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Monday, October 19, 2009

Angels baseball beats Yankees baseball 5-4: battle of payrolls

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Angels win was a Money-ball story

The old saying: the more things change the more they stay the same. The Los Angeles Angels beat the New York Yankees 5-4 today in the AL Championship Series. They're back 2 games to one and could make a real game of it with another win.

But don't make the mistake of thinking that it was David beating Goliath, where the New York Yankees monster payroll was clobbered by the miserly fiscal practices of the Angels.

Ha!

The truth is that the 2009 player expeditures for both teams are not far off. The Yankees payroll was between $192 million and $201 million this year; the Angels payroll was at $113 million.

Both teams are part of the top six highest payrolls in Major League Baseball, proving that it takes money to win, even in this post-Moneyball era. This was supposed to be the time when the Internet and sabermetrics created a baseball team that could consistently when with a low payroll.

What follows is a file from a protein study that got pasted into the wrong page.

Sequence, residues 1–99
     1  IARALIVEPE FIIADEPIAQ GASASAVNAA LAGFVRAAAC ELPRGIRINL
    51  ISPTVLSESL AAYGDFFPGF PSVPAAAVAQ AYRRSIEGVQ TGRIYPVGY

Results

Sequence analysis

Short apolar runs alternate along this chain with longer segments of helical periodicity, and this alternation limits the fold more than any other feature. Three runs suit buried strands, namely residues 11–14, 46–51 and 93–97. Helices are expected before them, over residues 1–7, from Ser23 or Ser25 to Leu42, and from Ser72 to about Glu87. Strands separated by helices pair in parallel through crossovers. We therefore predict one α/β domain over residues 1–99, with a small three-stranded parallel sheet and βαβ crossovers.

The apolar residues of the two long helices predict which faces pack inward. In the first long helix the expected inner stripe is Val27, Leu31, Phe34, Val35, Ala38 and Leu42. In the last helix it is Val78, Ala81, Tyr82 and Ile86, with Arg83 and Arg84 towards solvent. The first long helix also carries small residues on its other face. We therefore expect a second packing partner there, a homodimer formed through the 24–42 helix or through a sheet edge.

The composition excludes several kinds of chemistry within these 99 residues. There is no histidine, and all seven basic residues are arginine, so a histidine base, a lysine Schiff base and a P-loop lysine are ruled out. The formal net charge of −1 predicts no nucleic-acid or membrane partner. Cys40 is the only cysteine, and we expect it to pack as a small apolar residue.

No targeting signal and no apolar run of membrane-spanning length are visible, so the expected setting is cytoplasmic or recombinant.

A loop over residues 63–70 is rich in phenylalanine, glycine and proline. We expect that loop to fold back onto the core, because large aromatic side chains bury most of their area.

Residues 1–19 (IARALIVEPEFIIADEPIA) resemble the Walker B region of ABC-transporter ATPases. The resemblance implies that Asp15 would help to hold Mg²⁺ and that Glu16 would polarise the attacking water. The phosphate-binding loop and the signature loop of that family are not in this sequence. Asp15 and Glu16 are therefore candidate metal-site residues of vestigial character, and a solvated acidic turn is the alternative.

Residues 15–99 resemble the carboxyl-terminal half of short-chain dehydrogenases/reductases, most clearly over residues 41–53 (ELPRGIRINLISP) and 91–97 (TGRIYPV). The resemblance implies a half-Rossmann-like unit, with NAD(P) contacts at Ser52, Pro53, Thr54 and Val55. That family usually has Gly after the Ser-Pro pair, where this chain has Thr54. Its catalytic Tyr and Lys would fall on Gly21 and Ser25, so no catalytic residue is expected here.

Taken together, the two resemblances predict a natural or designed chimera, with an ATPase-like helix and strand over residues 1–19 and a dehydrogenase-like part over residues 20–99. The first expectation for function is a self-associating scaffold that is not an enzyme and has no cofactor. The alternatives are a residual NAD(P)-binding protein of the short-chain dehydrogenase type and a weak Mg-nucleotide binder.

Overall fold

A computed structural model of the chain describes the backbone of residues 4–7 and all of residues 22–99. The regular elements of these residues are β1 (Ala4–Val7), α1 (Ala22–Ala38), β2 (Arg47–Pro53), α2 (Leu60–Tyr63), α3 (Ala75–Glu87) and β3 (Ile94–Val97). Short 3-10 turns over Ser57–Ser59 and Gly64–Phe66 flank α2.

But the reality in 2009 is the same as it was in 1993 and in 2002 when I created the Oakland Baseball Simworld in partnership with Forio Business Simulations, and 2003 when University of San Francisco Professor Dan Rascher and I founded Sports Business Simulations.

Payroll rules.

Our simulation was and is designed to reflect both the "Moneyball" approach and the more common "Pay-To-Win" strategy, but it's the latter that's hard to beat.

In fact, Smith college Sports Economist Andrew Zimbalist (who's also a member of our simulation advisory board) determined that after 1990 there was a more powerful correlation between higher payrolls and team performance.

I tried for years to make a team "work" in the context of the current Oakland Coliseum using the Oakland Baseball Simworld (which I developed from scratch for the purpose of teaching marketing, business, and sports finance in high school and college classrooms and is based on my work at the City of Oakland). It's hard to achieve the 250 and up score that indicates baseball business success.

The only answer is to build a new stadium. Location aside - Oakland's better - it's the best tonic to turn any Oakland-based baseball team into a winner, including the one currently called The Oakland Athletics.

Meanwhile, the Yankees and Angels will keep being in the hunt for the World Series. Some things never change.

CA DMV - Do you know where your registration money goes?